1999: Professional wrestler Owen Hart, 34, died while performing when he fell from a height of 90 feet as he was being lowered into the wring for the “Over the Edge” sports entertainment event in Kansas City, Missouri.

2013: The Interstate 5 bridge over the Skagit River collapsed in Mount Vernon, Washington.

2018: Hamburg, Germany becomes the first city to ban diesel cars on some roads.

2019: The last slave ship to smuggle slaves to America from Africa, the Clotilda (sunk 1860), is found in Mobile River, Alabama.

 

May 24

 

1784: The U.S. Treasury Board was established  with $21,000.

1830: Mary Had a Little Lamb by Sarah Josepha Hale was published in Boston.

1844: Samuel Morse sent the message “What hath God wrought” from the old Supreme Court chamber in the U.S. Capitol to his assistant, Alfred Vail, in Baltimore, Md., to inaugurate the first telegraph line.

1883: The Brooklyn Bridge in New York City was opened to traffic after 14 years of construction.

night game in Major League Baseball history was played in Cincinnati, Ohio, with the Cincinnati Reds beating the Philadelphia Phillies 2-1 at Crosley Field.

1940: Igor Sikorsky performed the first successful single-rotor helicopter flight.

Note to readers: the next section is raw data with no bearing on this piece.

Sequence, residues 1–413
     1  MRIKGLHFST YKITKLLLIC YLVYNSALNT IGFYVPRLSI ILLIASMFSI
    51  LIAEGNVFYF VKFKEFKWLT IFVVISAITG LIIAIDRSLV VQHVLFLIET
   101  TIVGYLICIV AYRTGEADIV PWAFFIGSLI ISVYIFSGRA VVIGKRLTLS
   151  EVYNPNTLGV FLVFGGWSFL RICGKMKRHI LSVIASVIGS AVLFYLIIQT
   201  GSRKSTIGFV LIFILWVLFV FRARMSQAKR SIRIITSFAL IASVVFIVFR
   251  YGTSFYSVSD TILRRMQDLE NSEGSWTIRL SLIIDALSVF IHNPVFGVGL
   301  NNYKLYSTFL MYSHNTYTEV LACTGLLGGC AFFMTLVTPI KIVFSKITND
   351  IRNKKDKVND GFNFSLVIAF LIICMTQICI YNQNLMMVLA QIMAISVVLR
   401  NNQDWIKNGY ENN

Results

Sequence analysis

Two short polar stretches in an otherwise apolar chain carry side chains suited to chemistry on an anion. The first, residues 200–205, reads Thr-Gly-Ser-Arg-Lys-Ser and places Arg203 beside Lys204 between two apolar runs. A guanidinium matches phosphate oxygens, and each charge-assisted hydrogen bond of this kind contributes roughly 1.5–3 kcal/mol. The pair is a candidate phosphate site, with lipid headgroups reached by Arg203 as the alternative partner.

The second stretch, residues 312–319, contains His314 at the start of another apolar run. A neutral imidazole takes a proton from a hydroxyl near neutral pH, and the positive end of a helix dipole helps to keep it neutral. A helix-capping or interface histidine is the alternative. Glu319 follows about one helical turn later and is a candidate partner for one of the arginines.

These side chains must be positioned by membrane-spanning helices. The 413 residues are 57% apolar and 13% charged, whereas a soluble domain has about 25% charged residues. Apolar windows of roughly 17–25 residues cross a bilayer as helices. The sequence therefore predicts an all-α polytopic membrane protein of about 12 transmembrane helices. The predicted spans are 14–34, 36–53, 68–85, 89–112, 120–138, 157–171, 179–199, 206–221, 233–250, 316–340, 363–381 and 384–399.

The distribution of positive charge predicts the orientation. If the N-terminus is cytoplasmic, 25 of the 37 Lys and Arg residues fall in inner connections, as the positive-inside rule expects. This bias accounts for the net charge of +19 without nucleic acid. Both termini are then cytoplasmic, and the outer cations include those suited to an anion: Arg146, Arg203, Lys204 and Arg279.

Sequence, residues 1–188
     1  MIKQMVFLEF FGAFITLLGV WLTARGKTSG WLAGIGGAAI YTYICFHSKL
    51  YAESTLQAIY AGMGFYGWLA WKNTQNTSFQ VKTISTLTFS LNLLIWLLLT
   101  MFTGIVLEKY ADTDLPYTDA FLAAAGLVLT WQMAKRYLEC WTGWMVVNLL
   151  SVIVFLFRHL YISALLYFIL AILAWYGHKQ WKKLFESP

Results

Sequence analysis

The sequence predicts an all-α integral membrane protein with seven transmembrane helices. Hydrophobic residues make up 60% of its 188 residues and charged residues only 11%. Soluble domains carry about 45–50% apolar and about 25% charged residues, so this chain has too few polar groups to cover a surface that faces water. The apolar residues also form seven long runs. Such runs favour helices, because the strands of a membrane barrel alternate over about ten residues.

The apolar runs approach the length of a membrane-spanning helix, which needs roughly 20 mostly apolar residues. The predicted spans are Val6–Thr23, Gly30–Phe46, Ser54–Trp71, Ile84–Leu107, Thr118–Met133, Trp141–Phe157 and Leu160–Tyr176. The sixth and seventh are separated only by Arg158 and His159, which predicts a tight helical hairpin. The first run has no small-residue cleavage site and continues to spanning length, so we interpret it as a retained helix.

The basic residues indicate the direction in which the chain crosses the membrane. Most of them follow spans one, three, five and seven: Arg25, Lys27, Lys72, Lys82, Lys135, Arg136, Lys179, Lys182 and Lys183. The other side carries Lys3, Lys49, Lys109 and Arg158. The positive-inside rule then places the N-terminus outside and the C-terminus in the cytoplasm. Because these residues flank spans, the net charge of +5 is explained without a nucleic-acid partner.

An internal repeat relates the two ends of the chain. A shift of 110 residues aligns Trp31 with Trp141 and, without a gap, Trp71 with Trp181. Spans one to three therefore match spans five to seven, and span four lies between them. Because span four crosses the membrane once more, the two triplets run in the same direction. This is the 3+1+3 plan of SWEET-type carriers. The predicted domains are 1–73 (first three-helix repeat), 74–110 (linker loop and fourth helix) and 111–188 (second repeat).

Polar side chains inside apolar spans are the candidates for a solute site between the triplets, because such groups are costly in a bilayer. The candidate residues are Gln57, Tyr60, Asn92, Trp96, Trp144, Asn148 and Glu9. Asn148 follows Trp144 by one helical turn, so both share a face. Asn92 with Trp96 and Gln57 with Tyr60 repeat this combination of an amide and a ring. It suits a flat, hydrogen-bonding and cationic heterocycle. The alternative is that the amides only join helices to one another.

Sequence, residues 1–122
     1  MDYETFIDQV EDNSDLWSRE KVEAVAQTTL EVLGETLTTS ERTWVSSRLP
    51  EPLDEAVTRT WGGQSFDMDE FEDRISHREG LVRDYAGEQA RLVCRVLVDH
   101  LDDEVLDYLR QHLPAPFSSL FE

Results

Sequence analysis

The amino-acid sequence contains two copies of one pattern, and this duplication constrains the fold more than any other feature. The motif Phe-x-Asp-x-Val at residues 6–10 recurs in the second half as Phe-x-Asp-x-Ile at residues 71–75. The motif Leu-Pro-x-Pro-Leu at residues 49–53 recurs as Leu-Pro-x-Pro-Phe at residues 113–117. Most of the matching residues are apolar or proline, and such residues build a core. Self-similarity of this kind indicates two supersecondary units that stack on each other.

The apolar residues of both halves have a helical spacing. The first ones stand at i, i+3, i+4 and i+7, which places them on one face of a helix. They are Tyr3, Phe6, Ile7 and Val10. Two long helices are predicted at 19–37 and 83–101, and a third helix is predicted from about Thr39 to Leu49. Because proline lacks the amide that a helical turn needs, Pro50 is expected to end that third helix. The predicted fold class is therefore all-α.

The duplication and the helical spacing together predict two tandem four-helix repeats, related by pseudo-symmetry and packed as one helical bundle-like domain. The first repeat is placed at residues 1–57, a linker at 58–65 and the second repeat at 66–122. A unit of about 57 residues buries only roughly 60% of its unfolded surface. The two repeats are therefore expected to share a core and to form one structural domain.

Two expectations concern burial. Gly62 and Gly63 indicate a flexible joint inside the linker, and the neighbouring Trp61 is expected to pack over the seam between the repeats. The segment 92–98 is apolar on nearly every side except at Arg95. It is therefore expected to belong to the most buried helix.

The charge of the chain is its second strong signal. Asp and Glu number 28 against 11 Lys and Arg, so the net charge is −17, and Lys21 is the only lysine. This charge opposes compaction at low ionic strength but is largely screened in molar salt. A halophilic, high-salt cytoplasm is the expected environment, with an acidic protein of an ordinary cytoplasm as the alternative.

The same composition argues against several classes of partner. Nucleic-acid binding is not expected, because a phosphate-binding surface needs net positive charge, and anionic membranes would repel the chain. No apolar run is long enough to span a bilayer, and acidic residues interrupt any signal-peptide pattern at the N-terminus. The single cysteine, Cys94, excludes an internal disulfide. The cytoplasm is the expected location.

2013: Rafael Correa is sworn into a third term as President of Ecuador.

2018: U.S. President Donald Trump signs into law the Economic Growth, Regulatory Relief, and Consumer Protection Act easing financial regulations and reducing oversight for banks.

 

May 25

 

240 B.C.: The passage of Halley’s Comet was first recorded.

1878: Gilbert and Sullivan’s comic opera H.M.S. Pinafore opened at the Opera Comique in London.

1909: Actress Mary Pickford made her screen debut in Two Memories by D.W. Griffith.

1925: John T. Scopes was indicted in Dayton, Tenn., for teaching Charles Darwin’s theory of evolution.

1953: The first public television station in the United States officially began broadcasting as KUHT from the campus of the University of Houston.